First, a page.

Syria : The safe and voluntary return of displaced population remains an absolute priority. [fr]
Statement by Mr François Delattre, Permanent Representative of France to the United Nations
Security Council - 27 June 2018
At the outset, I would like to thank Mr. Staffan de Mistura for his comprehensive and objective briefing. We assure him of our full support. I also thank Mr. John Ging for his instructive briefing on the catastrophic humanitarian situation in Syria.
I will start with our concerns about the situation on the ground, particularly the ongoing offensive in south-western Syria. I will then touch on the extremely dire humanitarian situation. Finally, I will emphasize that the situation makes it even more essential to launch an inclusive political process capable of uniting Syrians.
The relentless logic of military operations continues in Syria. For the past week we have seen the regime resume its attacks on the opposition in south-western Syria, in a region inhabited by 700,000 civilians. There have been several air attacks on the city of Dar’a since 23 June. This relentless strategy, which represents the worst possible outcome for the civilian population, is sadly familiar. As in Damascus, Homs, Aleppo or eastern Ghouta, the goal of the air attacks is to force the opposition groups to surrender using methods of war that are contrary to humanitarian law. Another operation in southern Syria is paving the way for new sieges that will starve out the population and result in more forced displacements and restrictions on humanitarian assistance. Moreover, that offensive is in an extremely sensitive border area and could have direct consequences for the security and stability of Israel and Jordan. In that connection, I would like to recall France’s commitment to the security of the United Nations Disengagement Observer Force, in which the Blue Helmets operate under difficult conditions in the Golan Heights, and which should be maintained at all times. Another wave of refugees could destabilize neighbouring countries for the long-term, particularly Jordan, which has already taken in so many Syrians.
These developments are all the more worrying given that the diversity of the forces present in south-western Syria presents a real risk of regional escalation. The territories targeted in the offensive are part of the de-escalation zone in south-western Syria established by the United States, Russia and Jordan in July 2017. France therefore calls on everyone, beginning with the Russians, to honour their commitments in order to put an immediate end to the offensive. Russia must honour the agreement reached a year ago and immediately ensure the cessation of hostilities.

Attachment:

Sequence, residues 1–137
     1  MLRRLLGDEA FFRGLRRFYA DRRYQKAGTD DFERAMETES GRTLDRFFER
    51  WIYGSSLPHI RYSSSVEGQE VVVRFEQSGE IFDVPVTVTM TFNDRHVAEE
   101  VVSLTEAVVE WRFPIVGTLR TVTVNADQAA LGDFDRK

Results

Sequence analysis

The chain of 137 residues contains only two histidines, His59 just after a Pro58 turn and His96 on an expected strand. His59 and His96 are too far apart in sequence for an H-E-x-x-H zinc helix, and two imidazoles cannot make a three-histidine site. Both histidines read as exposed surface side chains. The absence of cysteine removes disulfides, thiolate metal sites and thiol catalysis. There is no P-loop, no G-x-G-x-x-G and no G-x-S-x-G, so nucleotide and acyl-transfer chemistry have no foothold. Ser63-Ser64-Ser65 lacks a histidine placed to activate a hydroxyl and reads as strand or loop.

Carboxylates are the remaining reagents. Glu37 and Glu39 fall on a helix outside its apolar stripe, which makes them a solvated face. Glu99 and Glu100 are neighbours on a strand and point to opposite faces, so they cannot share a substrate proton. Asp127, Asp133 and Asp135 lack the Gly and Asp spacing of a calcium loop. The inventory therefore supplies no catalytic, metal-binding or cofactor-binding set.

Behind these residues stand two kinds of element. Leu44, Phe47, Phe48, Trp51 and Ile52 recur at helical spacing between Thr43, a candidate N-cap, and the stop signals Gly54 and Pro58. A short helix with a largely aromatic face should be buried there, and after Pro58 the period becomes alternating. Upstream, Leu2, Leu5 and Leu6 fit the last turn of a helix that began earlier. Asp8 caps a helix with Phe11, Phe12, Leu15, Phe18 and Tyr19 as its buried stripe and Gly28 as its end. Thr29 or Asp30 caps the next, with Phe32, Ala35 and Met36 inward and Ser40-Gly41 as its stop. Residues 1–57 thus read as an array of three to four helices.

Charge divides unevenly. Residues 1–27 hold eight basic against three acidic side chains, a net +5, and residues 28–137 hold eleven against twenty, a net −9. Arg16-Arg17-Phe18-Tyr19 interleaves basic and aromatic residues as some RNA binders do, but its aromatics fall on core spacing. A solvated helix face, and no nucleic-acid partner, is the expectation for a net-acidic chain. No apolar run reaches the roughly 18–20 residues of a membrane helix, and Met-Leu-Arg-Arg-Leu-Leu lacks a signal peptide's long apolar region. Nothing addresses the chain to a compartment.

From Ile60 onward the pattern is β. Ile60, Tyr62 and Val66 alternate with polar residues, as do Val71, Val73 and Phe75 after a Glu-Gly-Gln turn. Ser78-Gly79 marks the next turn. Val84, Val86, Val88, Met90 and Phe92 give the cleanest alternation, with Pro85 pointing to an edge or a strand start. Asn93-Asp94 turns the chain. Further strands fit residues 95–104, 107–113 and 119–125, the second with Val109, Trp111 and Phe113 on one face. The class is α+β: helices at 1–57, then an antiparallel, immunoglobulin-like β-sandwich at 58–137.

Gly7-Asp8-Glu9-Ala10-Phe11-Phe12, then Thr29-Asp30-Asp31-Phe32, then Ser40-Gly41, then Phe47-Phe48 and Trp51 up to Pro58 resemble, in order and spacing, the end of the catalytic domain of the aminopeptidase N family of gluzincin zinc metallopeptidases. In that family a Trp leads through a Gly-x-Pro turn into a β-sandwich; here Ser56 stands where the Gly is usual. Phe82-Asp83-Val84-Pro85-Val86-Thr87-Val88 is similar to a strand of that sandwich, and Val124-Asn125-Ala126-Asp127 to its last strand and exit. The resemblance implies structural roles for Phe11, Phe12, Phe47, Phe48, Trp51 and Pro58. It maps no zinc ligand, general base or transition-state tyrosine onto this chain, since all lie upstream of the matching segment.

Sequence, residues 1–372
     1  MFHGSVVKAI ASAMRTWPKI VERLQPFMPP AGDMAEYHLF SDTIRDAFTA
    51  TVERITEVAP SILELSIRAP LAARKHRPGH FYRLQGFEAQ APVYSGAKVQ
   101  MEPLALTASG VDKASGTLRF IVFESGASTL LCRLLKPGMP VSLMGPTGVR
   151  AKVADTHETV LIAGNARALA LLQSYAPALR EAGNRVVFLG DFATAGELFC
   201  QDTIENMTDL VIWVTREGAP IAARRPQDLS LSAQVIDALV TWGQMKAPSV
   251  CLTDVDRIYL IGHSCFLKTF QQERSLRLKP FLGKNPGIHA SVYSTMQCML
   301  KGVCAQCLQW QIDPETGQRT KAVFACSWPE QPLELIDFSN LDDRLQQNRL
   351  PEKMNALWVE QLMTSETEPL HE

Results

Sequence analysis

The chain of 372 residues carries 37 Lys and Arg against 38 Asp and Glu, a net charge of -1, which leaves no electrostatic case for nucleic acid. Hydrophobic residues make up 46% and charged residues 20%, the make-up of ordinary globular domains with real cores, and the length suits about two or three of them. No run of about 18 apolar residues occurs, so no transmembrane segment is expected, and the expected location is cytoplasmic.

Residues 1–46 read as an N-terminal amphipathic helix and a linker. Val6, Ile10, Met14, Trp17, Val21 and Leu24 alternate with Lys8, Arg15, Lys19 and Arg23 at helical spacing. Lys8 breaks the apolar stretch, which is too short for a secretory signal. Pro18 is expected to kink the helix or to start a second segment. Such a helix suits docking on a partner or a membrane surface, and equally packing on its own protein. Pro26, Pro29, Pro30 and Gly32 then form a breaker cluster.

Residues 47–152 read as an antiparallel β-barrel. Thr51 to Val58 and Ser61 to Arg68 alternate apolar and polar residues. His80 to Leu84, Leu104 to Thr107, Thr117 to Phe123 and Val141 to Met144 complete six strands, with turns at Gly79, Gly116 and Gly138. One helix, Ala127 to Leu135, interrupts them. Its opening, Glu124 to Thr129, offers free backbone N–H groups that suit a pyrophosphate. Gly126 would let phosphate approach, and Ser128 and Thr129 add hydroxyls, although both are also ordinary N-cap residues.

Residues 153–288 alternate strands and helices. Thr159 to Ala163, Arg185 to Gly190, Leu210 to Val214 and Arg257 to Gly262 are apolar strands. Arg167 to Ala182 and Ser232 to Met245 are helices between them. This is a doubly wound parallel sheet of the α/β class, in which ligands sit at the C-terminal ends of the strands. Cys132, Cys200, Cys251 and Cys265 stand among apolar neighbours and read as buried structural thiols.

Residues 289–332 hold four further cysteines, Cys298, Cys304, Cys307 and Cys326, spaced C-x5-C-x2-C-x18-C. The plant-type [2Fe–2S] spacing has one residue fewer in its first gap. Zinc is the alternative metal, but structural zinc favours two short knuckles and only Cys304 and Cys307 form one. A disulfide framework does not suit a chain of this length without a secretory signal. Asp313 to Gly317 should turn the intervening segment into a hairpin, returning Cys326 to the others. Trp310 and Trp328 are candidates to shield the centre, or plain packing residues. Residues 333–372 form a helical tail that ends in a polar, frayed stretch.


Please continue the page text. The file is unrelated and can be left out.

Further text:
In this troubling context, the continuing catastrophic humanitarian situation is deplorable. In Idlib, eastern Ghouta and elsewhere, the humanitarian situation continues to be particularly alarming. Very rarely do convoys have access to the population, while the needs of the population are immense. The regime is taking on a particularly grave responsibility in that regard. The systematic and deliberate obstruction of humanitarian aid is unacceptable, especially the Syrian regime’s systematic removal of medical materials from convoys, including vaccines for children. The influx of displaced persons renders the situation even more critical, particularly in Idlib. All the parties must guarantee total and unhindered humanitarian access, coordinated by the United Nations, and, finally, medical infrastructure and personnel, which are still being attacked, must be protected.
I welcome the Secretary-General’s report on humanitarian cross-border assistance (S/2018/617 and S/2018/619). Cross-border assistance continues to play a vital role in enabling aid to be sent along the most direct routes. The mechanism is transparent, effective and fully dedicated to the people in need. The neighbouring countries have given the mechanism their unequivocal support and call for it to continue. It is therefore our responsibility to ensure that it is preserved.
It is also essential that OCHA personnel be able to remain in the convoys to ensure the smooth delivery of humanitarian aid. We also call for an independent and impartial assessment of humanitarian needs in Syria, under the coordination of the United Nations.
The safe and voluntary return of displaced people remains an absolute priority. In this respect, the implementation of Law No. 10 adopted by the Syrian regime, which leads to massive expropriations of refugees and displaced persons, with irreversible consequences for Syria as for the region, is unacceptable and jeopardizes any political effort. The implementation of this law as an attempt to reshape the country demographically and politically is likely to constitute war crimes, even crimes against humanity. We therefore call for the immediate repeal of this law. Under such conditions, it would be impossible for the international community to support a development policy that resembles demographic remodeling and would help to reinforce the regime in these unacceptable practices.